Dartmouth student and alum receive scholarships
Rex Woodbury '15 has been named a recipient of the Knight Hennessy Scholarship. (Courtesy of Rex Woodbury)
Following the U.S. State Department’s designation of the College as a top producer of Fulbright scholars, Dartmouth students and alumni have also encountered success with other selective scholarship programs. Aaron Karp GR’19, and Rex Woodbury ’15 have been named recipients of the Luce and Knight-Hennessy scholarships, respectively.
The Luce Scholars program is a national fellowship program, which was launched by the Henry Luce Foundation in 1974. Selected scholars travel to Asia to gain professional experience in their area of interest. The Knight-Hennessy program is a graduate-level scholarship program for study at Stanford University. Knight-Hennessy Scholars receive full funding to pursue any graduate or professional degree at Stanford, including joint and dual degrees.
Karp will begin study as a Luce Scholar after he completes his master’s degree in digital musics at the College. He will receive a stipend, language training and professional placement with an arts organization. The specifics of his placement have not been finalized, but Karp said he hopes to match with South Korea or Japan.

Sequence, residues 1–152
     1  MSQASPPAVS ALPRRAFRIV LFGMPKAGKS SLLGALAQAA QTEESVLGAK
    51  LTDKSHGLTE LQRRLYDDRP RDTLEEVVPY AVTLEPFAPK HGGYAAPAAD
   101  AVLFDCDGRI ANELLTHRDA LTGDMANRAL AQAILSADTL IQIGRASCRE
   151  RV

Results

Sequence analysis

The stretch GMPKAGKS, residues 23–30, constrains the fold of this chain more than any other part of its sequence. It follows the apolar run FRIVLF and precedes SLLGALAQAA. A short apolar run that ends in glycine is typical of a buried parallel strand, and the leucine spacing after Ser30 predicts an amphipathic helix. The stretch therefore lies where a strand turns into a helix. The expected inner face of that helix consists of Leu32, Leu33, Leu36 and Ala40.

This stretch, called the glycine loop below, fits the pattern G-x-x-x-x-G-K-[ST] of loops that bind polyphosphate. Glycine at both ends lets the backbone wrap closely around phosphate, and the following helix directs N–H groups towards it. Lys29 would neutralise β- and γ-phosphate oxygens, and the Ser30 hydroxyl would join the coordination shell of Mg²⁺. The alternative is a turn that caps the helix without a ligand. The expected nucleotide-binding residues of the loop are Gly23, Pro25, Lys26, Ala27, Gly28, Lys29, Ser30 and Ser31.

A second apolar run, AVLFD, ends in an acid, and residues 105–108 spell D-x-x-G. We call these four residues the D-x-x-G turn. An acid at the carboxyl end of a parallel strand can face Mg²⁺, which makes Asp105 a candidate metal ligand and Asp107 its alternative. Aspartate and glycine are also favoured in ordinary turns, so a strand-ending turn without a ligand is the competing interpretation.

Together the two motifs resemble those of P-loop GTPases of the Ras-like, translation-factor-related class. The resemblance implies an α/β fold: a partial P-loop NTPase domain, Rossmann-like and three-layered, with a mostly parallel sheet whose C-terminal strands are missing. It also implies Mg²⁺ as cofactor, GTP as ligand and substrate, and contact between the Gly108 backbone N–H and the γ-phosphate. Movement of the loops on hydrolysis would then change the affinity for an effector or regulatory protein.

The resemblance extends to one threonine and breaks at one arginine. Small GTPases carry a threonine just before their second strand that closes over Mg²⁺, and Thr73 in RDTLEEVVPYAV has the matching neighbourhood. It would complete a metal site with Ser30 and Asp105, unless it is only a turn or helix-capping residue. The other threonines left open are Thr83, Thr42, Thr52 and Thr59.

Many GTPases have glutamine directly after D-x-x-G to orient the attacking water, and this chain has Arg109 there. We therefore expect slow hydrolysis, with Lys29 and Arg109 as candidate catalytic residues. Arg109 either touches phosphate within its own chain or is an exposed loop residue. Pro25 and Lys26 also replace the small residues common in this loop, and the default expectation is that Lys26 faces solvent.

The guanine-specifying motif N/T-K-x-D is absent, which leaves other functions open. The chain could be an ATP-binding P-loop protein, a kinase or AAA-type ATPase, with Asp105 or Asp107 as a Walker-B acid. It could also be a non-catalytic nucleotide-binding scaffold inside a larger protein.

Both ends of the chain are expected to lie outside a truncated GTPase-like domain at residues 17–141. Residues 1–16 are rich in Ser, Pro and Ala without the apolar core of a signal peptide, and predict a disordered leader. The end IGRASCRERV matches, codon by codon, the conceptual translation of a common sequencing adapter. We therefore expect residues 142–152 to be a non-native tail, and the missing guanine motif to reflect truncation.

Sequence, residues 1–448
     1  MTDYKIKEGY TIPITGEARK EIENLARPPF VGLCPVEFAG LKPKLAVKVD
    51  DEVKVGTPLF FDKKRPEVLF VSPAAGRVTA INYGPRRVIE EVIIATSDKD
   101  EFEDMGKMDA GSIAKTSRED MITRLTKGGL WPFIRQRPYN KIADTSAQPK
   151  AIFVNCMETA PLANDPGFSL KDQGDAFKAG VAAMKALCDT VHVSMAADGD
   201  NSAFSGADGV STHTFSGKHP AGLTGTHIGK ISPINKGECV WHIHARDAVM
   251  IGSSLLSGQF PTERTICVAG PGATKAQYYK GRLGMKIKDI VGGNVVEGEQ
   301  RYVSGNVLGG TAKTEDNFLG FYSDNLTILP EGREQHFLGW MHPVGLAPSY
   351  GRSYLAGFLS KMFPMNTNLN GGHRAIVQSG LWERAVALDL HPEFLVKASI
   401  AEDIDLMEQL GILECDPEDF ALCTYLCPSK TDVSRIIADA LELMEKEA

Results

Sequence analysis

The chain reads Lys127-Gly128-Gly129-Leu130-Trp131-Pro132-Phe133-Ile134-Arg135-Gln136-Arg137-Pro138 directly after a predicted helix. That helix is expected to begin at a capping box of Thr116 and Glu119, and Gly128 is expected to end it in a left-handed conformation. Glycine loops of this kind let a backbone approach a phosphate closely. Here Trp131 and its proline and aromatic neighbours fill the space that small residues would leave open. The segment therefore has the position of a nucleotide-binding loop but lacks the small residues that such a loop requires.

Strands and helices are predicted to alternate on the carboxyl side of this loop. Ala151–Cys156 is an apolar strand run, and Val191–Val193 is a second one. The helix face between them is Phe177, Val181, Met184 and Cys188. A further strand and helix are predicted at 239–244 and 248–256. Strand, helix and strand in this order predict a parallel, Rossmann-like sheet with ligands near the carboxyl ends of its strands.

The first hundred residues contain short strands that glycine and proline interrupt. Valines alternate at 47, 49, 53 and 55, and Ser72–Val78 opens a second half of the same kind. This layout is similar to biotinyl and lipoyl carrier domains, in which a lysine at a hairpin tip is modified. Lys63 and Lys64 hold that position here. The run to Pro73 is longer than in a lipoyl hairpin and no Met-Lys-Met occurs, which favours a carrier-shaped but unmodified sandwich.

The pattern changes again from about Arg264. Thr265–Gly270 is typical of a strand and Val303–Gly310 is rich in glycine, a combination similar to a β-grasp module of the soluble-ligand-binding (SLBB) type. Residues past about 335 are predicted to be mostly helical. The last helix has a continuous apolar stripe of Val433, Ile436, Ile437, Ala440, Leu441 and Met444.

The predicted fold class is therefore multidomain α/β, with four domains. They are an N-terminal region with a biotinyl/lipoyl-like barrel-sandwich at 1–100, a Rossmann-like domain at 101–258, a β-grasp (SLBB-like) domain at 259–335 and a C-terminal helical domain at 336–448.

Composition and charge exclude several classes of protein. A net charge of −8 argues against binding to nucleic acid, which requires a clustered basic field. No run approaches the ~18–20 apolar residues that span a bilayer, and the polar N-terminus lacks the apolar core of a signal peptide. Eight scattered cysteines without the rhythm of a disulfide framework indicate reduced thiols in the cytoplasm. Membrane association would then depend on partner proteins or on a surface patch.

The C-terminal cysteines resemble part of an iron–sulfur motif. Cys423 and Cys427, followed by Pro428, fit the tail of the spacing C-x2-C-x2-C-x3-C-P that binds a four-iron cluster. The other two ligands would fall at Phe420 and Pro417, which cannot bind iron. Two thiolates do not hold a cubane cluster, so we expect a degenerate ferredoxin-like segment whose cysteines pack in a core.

Karp said that his passion for music extends back to his childhood — he has played the violin and the viola since he was three years old. As an undergraduate at Northwestern University, he pursued majors in music and computer science, for which he developed a passion in high school.
Dartmouth’s Guarini School of Graduate and Advanced Studies’ master’s program in digital musics reconciled these interests, according to Karp.
“I started my undergraduate degree in viola performance, but by [my senior year], I also grew interested in composition, and my computer science research involved music as well,” Karp said. “[Dartmouth’s program in] digital musics is a perfect opportunity to combine computer science, music composition and the performance experience I have.”